Monday January 20, 2020

No Stop To Air Pollution in India, Reducing Dirty Fuels Need of The Hour

"Household fuels are the single biggest source of outdoor air pollution in India," said Kirk R. Smith, professor of global environmental health at UC Berkeley.

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"India has got to do other things to fix air pollution -- they've got to stop garbage burning, they've got to control the power plants, they've got to control vehicles and so forth. Pixabay

Mitigating the use of household fuels could reduce air pollution-related deaths in India by approximately 13 per cent, which is equivalent to saving about 270,000 lives a year, an India-US joint study has stressed.

Nearly half of the country’s population relies on dirty fuels such as wood, dung, coal and kerosene for cooking and heating, said researchers from the University of California, Berkeley and the India Institute of Technology-Delhi.

Eliminating emissions from these sources — without any changes to industrial or vehicle emissions — would bring the average outdoor air pollution levels below the country’s air quality standard.

“Household fuels are the single biggest source of outdoor air pollution in India,” said Kirk R. Smith, professor of global environmental health at UC Berkeley.

A study in the Lancet Planetary Health journal last year found that air quality in India is so poor that 1.2 million deaths in the country in 2018 can be attributed to air pollution.

“We looked at what would happen if they only cleaned up households, and we came to this counter-intuitive result that the whole country would reach national air pollution standards if they did that,” Smith added in a paper published in the journal Proceedings of the National Academy of Sciences.

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“You can’t have a clean environment when about half the houses in India are burning dirty fuels every day,” Smith said. Pixabay

The co-authors of the paper are Sourangsu Chowdhury and Sagnik Dey of IIT-Delhi, Sarath Guttikunda of Urban Emissions in New Delhi, Ajay Pillarisetti of UC Berkeley and Larry Di Girolamo of the University of Illinois Urbana-Champaign.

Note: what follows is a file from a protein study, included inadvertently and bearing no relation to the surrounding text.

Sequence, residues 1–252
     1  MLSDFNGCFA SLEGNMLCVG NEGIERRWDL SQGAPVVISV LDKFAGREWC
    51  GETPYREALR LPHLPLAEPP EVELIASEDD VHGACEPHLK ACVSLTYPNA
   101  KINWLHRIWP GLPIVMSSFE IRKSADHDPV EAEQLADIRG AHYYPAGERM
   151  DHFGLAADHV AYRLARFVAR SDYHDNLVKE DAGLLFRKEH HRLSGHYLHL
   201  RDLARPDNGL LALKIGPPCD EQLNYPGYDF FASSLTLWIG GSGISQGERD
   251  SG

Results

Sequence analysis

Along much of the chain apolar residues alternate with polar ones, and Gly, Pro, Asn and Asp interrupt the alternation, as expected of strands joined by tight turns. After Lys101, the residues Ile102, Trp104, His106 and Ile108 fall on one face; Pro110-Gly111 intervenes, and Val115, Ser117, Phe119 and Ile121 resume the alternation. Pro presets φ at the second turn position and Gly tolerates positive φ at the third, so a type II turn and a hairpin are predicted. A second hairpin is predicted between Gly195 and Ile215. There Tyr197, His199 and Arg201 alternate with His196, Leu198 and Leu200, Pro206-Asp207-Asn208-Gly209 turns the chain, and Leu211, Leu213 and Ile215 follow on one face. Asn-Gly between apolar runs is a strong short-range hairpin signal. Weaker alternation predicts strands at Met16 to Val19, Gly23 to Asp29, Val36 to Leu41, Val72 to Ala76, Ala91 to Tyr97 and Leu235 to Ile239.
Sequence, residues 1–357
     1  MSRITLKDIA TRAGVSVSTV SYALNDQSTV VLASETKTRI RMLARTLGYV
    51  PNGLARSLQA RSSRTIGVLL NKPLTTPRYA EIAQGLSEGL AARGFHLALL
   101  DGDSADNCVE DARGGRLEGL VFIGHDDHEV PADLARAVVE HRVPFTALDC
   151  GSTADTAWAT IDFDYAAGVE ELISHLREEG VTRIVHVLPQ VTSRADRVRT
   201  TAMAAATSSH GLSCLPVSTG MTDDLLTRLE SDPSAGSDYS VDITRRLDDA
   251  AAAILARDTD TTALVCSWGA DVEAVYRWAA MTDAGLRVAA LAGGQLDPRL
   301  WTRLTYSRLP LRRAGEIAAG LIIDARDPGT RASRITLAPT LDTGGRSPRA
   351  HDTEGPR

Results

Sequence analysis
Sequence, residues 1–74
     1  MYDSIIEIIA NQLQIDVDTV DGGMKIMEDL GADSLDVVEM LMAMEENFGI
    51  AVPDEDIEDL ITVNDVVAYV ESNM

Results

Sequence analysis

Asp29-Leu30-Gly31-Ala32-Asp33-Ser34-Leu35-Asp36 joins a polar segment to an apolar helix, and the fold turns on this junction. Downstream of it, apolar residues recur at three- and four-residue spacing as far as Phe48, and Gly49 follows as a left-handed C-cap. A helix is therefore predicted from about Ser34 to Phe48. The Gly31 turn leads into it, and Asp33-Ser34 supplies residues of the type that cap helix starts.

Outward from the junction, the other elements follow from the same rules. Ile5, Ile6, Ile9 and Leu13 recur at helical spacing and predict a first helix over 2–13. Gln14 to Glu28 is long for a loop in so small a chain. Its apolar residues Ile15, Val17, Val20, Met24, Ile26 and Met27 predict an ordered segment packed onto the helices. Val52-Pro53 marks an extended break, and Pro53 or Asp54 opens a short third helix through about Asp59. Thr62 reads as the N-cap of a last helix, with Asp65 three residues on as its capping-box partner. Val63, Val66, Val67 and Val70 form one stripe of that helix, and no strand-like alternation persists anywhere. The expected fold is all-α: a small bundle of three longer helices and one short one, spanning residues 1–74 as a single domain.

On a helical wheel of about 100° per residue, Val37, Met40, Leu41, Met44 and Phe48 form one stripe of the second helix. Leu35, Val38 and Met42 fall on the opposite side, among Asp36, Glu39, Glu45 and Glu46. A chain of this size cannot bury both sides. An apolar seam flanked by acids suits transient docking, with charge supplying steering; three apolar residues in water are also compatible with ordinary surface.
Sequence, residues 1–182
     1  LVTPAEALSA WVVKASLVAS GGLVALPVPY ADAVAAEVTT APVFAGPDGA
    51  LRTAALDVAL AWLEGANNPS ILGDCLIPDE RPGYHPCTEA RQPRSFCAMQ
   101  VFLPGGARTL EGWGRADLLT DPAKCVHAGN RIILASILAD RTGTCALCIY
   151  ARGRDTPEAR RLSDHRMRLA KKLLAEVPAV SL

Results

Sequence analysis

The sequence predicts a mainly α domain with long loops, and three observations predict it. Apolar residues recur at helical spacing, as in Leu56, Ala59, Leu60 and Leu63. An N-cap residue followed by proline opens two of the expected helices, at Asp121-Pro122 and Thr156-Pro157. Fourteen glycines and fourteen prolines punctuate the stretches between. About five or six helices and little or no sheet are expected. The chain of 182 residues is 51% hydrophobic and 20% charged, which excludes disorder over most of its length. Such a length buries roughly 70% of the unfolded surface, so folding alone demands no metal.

As of early 2016, nearly half of the Indian population was reliant on biomass for household fuel.

“There are 3,000 chemicals that have been identified in wood smoke, and taken at a macro level, it is very similar to tobacco smoke,” Smith informed.

In 2015, India’s average annual air pollution level was 55 micrograms per cubic meter (ug m-3) of fine particulate matter.

Levels in New Delhi often soared beyond 300 ug m-3.

Complete mitigation of biomass as fuel – which could be achieved through widespread electrification and distribution of clean-burning propane to rural areas – would cut India’s average annual air pollution to 38 ug m-3.

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A study in the Lancet Planetary Health journal last year found that air quality in India is so poor that 1.2 million deaths in the country in 2018 can be attributed to air pollution. Pixabay

While this is still far above the World Health Organization (WHO) standard of 10 ug m-3, it could still have dramatic impacts on the health of the people.

“You can’t have a clean environment when about half the houses in India are burning dirty fuels every day,” Smith said.

“India has got to do other things to fix air pollution — they’ve got to stop garbage burning, they’ve got to control the power plants, they’ve got to control vehicles and so forth.

“But they need to recognise the fact that households are very important contributors to outdoor air pollution, too,” he noted.

In 2016, India instituted a national programme to distribute clean burning stoves and propane to 80 million impoverished households, or about 500 million people.

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Smith hopes the findings would bolster support for reducing outdoor air pollution, as well.

Similar programmes have been successful in China, where air pollution is now on the decline in 80 cities. (IANS)

 

Next Story

Mercy for the Nirbhaya Rapists?

Gender discrimination is the root of many evils. While keeping the aspiration of females down, certain males have committed many wrongs in the past.

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The Nirbhaya incident in Delhi was “instrumental” in bringing about a kind of gender awareness renaissance in India.